As such, I was excited to read about the new Physician Compare Portal by CMS. You’d think it would be a great way for someone who moved to a new area to be able to compare physicians. Isn’t that what the name seems to imply? It does to me.

Unfortunately, it has its weaknesses (which I should have expected since it was coming from the government). First, it really only compares Medicare physicians. Ok, I guess that makes sense since it is a CMS project. Second, it seems like the only way to compare physicians is by location, specialty, and I think it lists their education. Basically, the information you could find out about any physician online.

I didn’t see any place where I could rate or review a physician. I bet CMS would be afraid to open up those flood gates. There was an option to add that physician to “My Favorite Physician”. I’m not sure what it does after that since I don’t have a My Medicare login. Maybe there’s more you can do with the physician once they’re you’re favorite.

Maybe I’m jumping the gun here and this is just version 1 of the portal. Hopefully they have a lot planned that will help patients really differentiate between the physicians in their community. As it currently stands, there doesn’t seem like there’s much to compare.

Honestly, I don’t think CMS or any government agency could do a valuable physician compare engine. I think it would need to be led by an outside organization. Sounds like a great idea for an entrepreneur.

EMR Data Theft Returns!

Posted on I Written By

Dr. West is an endocrinologist in private practice in Washington, DC. He completed fellowship training in Endocrinology and Metabolism at the Johns Hopkins University School of Medicine. Dr. West opened The Washington Endocrine Clinic, PLLC in 2009. He can be contacted at doctorwestindc@gmail.com.

My August 3rd post Data breaches and EMRs: bad guys or just dumb mistakes? discussed my skepticism about the DEFCON level we need to have regarding EMR and EHR.  I found it eyebrow-raising when Reuters was quick to distance itself from the author at the beginning of her article The road to electronic health records is lined with data thieves, which I have not often seen in EMR and EHR blogs.  After I read through it, I began to think that maybe the disclaimer had to do with the content of the post.  This story was a bit more interesting than Digitized medical records are easy prey, but all is not lost, the topic of my August 3rd commentary, in that it really highlighted more of the paranoia and fear about what could be rather than what probably will be.  I’ve also said in previous posts that it’s not that I believe electronic medical records are going to be completely secure and HIPAA compliant under all circumstances.  However, the following excerpts from the Reuters post drove me nuts with all the fear mongering that was clearly promoted.

Setting an epic tone for her piece, Constance Gustke begins discussing “The future of your personal health information…” and“gigantic Internet-driven databases”.  The rest of her post includes the following comments.  I admit they’re a bit voluminous, but the quotability here was difficult to resist.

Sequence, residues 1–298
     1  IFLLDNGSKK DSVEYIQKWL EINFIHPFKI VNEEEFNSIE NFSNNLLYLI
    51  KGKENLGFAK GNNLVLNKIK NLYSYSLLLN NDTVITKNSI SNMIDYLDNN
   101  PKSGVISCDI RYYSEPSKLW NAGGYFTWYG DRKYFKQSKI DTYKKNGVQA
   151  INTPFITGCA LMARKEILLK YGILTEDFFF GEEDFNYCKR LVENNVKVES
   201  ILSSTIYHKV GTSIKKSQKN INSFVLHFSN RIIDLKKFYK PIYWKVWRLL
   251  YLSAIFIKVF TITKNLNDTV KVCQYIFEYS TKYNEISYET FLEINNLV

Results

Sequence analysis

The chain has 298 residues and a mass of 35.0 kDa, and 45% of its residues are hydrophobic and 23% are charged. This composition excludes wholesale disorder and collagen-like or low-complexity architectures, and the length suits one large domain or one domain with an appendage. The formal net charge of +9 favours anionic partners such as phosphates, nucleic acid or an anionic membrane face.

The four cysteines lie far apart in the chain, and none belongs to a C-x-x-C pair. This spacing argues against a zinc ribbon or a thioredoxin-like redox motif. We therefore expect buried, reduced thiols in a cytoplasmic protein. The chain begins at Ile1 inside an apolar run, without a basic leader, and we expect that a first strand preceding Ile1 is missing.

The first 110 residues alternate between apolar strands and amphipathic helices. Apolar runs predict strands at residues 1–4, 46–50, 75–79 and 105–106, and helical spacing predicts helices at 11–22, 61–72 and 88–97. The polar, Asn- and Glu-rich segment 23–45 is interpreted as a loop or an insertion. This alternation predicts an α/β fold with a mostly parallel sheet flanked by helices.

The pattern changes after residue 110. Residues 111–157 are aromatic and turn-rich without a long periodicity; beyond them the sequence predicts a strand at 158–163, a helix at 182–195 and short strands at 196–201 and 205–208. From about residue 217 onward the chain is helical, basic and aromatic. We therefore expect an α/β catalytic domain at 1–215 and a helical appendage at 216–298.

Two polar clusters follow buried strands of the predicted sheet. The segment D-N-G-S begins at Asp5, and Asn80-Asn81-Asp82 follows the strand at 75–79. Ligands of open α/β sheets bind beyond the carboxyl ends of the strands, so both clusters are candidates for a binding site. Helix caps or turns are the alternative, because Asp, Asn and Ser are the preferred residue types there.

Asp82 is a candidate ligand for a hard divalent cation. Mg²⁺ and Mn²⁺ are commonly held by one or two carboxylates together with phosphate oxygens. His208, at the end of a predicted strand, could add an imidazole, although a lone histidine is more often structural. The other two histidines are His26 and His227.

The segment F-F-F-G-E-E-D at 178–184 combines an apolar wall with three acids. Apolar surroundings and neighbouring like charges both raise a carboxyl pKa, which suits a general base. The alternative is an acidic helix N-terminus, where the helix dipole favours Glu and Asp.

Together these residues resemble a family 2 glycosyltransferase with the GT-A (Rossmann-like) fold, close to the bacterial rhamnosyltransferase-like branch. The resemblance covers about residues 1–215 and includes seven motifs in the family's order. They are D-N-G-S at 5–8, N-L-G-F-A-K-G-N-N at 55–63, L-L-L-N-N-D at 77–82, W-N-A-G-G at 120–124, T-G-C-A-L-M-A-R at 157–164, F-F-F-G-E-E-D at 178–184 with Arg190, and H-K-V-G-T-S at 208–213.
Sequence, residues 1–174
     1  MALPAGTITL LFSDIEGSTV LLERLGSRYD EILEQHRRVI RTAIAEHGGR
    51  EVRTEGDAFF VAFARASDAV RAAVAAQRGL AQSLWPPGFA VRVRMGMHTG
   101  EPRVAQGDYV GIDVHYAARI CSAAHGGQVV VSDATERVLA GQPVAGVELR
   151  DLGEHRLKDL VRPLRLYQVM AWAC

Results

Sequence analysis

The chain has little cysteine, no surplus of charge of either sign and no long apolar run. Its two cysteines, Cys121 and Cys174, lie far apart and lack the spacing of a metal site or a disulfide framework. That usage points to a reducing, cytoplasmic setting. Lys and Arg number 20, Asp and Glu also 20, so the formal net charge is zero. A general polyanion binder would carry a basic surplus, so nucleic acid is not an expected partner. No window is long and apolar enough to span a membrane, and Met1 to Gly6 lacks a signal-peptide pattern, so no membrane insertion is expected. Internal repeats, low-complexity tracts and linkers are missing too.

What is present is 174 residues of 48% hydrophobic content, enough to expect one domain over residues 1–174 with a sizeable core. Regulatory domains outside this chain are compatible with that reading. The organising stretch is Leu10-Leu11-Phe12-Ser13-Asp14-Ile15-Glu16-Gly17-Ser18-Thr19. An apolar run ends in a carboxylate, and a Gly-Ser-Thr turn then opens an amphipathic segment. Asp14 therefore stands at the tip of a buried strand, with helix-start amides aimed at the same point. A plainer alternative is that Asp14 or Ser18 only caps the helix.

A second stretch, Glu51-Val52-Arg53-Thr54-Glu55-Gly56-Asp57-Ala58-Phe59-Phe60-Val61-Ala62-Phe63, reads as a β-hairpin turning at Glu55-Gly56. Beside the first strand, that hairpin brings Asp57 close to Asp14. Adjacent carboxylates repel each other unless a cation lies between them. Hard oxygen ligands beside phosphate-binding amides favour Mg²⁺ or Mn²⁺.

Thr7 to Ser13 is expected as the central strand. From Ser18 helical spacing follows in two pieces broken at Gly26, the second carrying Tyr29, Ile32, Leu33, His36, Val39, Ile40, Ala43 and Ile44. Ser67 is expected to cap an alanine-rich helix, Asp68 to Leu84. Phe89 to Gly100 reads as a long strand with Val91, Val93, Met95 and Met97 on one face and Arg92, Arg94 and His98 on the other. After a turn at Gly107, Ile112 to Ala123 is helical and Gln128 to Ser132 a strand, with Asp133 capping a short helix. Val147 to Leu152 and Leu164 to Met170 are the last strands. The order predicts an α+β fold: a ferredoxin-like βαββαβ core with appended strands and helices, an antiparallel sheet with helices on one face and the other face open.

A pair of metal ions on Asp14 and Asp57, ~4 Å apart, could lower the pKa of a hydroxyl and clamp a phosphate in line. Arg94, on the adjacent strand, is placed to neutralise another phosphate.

“the data being stored is sensitive and so far it isn’t very secure,”

“… access explodes”.

“data breaches can have harmful effects, including medical discrimination.”

“we can’t see who uses our electronic records,” “And they can be back-door mined.”

“only 10 percent of all hospitals lock down their data”  “HHS investigations have found… dozens of data breaches… in New York, California, Illinois, Texas, Massachusetts, Georgia and Missouri.”

“patients can put their information at risk at home, too, using unsafe computers that may not be secure”

“wild west in terms of how data flows,”  

“Assets are roaming on the open ranges.  And the rustlers are out foxing us all.”

“identity thieves and other fraudsters”  

“Medical records are a gold mine of personal data, including Social Security numbers,”  “financial and medical information.”  “It shows everything about you.”

“Even more dangerous, stolen medical data can damage your healthcare.  There could be more healthcare discrimination,”

“government regulation is weak.” “doesn’t offer enough protections”  “no system can completely track access”.

“Currently, there are 281 cases listed, including hospitals, doctors and insurance companies that reported large data thefts, losses and other breaches. For example, HHS found that Massachusettes Eye & Ear Infirmary and Kaiser Permanente Medical both had medical data thefts.”

But which were cases of electronic theft that actually required hacking?  Which ones were specifically due to the fact that the records were stored on an EMR or EHR system and then electronically stolen?  This is to me perhaps the most important question, since without true electronic crime, a lot of the gusto cited above tends to be less grounded.  She doesn’t stop with EMRs, but rather goes on to warn, “Right now, portals put more information at risk.”  Okay, okay…  I think I get the message.

Dr. West is an endocrinologist in private practice in Washington, DC.  He completed fellowship training in Endocrinology and Metabolism at the Johns Hopkins University School of Medicine. Dr. West opened The Washington Endocrine Clinic, PLLC, as a solo practice in 2009.  He can be reached at doctorwestindc@gmail.com.